Confusion erupted when the Samsung Galaxy Nexus came out with visual voicemail inexplicably missing from the firmware -- rightfully so, since we were all originally told in Hong Kong that the functionality would be included in ICS. After a bit of clarification on Google's part, we now understand that this feature is actually buried deep within Android 4.0 in the form of an API. This way, developers can work closely with carriers or other third parties in order to take advantage of it.
ICS has made some progress on the accessibility front as well. Earlier we talked about how to enable the functionality directly from the setup screen, and our above video dives deeper into exactly what you can do. Specifically, ICS brings a new explore-by-touch mode that offers audible feedback on any part of the screen you may touch. Touching an icon, for instance, prompts the phone to tell you what you're touching -- but it doesn't activate that icon until you press it a second time.
A web script-based screen reader on the internet browser can read out content and assist the user in navigating websites. The font size can be increased and inverted screen rendering is now allowed.
Devs also now have access to accessibility APIs such as Text-to-Speech and explore-by-touch.
With ICS comes support for two new sensors: ambient temperature and relative humidity. Yes, we're one step closer to turning our phones into tricorders, and we couldn't be happier about it.
Work in a facility that doesn't allow cameras? Finding a phone of any decent quality that doesn't have at least one camera is incredibly difficult these days, making your options a bit limited and frustrating. ICS adds Device Policy Manager, which can remotely disable your phone's camera. There's also an API for keychains (encrypted credential storage) as well as one for VPN clients, which offers even more options for developers to appeal to the Enterprise.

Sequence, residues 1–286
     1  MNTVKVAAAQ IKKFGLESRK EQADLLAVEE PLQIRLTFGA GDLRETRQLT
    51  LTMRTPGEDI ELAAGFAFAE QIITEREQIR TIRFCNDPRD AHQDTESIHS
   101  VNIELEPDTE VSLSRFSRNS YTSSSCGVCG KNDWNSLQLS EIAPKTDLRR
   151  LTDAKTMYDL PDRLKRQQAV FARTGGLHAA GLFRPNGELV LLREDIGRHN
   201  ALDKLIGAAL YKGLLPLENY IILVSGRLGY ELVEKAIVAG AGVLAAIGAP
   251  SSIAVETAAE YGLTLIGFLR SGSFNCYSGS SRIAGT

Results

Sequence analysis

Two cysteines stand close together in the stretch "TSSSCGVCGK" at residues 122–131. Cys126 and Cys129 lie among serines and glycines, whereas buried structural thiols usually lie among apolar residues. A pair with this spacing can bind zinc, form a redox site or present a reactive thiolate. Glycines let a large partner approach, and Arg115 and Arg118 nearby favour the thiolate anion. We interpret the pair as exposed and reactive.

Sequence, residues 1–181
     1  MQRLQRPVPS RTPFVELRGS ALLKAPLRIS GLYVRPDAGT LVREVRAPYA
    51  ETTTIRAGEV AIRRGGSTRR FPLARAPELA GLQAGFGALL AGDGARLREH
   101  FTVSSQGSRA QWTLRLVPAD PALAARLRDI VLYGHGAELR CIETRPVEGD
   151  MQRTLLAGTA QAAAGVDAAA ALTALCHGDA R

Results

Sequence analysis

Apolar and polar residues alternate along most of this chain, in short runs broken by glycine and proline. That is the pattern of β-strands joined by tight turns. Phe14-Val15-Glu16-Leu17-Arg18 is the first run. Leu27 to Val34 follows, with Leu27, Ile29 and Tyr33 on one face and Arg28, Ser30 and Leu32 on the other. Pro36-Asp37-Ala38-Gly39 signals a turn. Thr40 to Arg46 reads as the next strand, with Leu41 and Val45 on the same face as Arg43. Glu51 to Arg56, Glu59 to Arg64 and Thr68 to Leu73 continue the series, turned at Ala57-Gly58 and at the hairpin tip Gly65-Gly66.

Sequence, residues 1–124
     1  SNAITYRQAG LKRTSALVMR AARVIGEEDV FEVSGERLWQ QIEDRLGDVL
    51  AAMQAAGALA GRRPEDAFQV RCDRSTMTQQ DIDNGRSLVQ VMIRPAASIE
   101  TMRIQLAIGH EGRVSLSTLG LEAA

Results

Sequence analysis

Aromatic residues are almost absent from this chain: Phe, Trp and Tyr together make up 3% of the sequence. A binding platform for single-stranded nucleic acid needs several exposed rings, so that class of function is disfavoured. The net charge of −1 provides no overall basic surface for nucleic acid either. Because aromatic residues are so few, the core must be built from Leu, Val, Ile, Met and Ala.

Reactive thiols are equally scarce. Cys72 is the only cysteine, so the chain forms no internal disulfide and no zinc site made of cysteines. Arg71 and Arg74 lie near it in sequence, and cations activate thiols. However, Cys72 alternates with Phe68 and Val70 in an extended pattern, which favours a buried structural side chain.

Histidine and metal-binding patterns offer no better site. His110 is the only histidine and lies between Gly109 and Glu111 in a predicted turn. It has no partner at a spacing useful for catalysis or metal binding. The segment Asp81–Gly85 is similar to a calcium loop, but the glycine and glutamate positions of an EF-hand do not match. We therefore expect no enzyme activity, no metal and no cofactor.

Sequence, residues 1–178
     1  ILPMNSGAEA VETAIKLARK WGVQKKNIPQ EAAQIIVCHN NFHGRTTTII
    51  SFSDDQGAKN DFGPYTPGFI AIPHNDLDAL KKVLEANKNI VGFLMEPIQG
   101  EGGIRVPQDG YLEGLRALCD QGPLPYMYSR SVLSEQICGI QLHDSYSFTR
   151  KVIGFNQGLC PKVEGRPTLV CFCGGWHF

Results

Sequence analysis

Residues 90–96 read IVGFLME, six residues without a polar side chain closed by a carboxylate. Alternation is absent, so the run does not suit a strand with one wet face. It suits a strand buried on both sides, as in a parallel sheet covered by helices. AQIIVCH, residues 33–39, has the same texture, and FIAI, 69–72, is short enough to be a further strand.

Other APIs included in ICS
We can't include every single new API in our review without turning it into four or five separate articles, so we'll just offer a few small tidbits.
Additional APIs for the camera give access to continuous focus, ZSL exposure, image zoom and even offers devs the ability to capture high-res photos while taking video. Apps can also now set custom metering "regions" and then adjust exposure and white balance dynamically within those regions.
A new social API gives third parties (primarily social networking apps, we presume) the opportunity to integrate into the address book. Other APIs are now available for the calendar, Android Beam, low-level streaming media and audio remote controls.
There are plenty of elements introduced in Honeycomb that still hadn't seen the light of day in a phone, so ICS includes several of them in the package. In addition to the features we've discussed already, here are a few more: renderscript 3D graphics, HTTP live streaming, improved screen-support API, property-based animation, MTP / PTP file transfers and support for RTP.
If you argue that Ice Cream Sandwich isn't the largest incremental update to the Android platform since its birth, you're probably going to lose the fight. Not even counting the number of features added to 4.0, the changes in UI alone are enough to take your breath away. It's modern and refreshing, and the user experience is more polished than its predecessors, but we believe that newcomers to Google's mobile ecosystem won't find it quite as intuitive as competing operating systems as the tech-savvy and power-hungry crowd that has grown accustomed to Android in the past. Regardless of previous knowledge, this will probably be water under the bridge soon enough, as manufacturers push out devices with customized skins.
The interface isn't perfect, and several of its new features still have a beta feel (we're looking at you, Face Unlock), but Android 4.0 appears to do exactly what it set out to do: merge the best of two worlds into an attractive package. It's a gorgeous OS that offers great performance and -- for the most part -- doesn't feel like a half-baked effort. Factoring the new functionality, ICS effectively throws a one-two punch of mobile wonderment in our face. Ice Cream Sandwich feels like a natural evolution for Android, and we have a feeling Matias Duarte & Co. are just getting started.
Zach Lutz and Myriam Joire contributed to this review.